What is the Down syndrome?

A Question A Day
Publié le 24/07/18Modifié le 21/03/19

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Down syndrome is not a disease. It’s an anomaly in the number of chromosomes in the human body. Each cell has 46 chromosomes, which carry genes and all the inherited features of the parents. Chromosomes go in pairs. Normally, we have 23 pairs of 2 chromosomes.

People with Down syndrome have an extra chromosome on the 21st pair. 

You don’t catch Down syndrome: each year, approximately 3 to 5000 children are born with this chromosome disorder and grow up with it. There is no preventive treatment as such: the chromosome disorder hides in the reproductive cells of some parents. Future moms expecting a baby can be examined to try and detect the anomaly. People with Down syndrome often look alike: a corpulent body, a round face with slanted eyes… Their faces look a bit like Mongolians, a people from Asia. That is why Down syndrome used to be called “mongolism”. The extra chromosome often causes heart disease and the brain has difficulty developing normally… That’s why people with Down syndrome are slower when they move and in their reasoning. They need special health care: physiotherapy to develop their muscles and speech therapy to help them speak better. In their own time and in spite of their handicap, they can study, do sports or artistic activities.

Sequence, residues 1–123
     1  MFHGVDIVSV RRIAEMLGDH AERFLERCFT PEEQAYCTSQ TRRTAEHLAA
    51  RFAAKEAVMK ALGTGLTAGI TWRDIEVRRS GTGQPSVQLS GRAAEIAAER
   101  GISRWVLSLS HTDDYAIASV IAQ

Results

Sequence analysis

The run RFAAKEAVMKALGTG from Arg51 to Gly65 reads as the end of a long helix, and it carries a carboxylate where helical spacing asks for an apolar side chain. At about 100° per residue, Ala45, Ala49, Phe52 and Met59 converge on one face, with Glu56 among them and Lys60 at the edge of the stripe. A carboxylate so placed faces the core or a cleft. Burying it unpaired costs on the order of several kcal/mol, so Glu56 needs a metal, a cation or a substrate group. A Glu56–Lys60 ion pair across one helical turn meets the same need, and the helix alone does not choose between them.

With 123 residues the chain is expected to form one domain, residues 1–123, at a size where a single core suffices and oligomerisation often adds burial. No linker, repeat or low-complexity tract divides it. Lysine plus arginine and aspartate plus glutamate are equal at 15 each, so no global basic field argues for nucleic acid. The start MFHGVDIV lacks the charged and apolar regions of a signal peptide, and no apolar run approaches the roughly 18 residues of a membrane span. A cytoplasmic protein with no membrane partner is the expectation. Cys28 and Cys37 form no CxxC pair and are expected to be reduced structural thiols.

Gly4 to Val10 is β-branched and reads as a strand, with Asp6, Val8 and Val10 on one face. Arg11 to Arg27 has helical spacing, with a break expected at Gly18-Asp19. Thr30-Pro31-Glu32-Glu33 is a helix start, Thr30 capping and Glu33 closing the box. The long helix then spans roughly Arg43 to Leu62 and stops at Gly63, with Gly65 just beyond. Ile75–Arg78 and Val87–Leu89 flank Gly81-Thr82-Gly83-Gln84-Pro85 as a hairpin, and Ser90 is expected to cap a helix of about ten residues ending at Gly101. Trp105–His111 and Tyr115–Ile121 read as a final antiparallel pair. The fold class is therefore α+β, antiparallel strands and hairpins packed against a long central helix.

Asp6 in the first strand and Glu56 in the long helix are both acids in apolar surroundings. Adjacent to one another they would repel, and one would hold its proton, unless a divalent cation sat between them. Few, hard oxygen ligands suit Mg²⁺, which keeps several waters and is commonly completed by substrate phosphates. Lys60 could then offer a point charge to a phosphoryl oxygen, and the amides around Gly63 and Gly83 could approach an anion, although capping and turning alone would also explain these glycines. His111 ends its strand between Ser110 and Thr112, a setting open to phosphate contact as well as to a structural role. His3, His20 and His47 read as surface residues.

Nom de l'auteur : Jacques Azam

Producteur : Milan Presse, France Télévisions

Année de copyright : 2018

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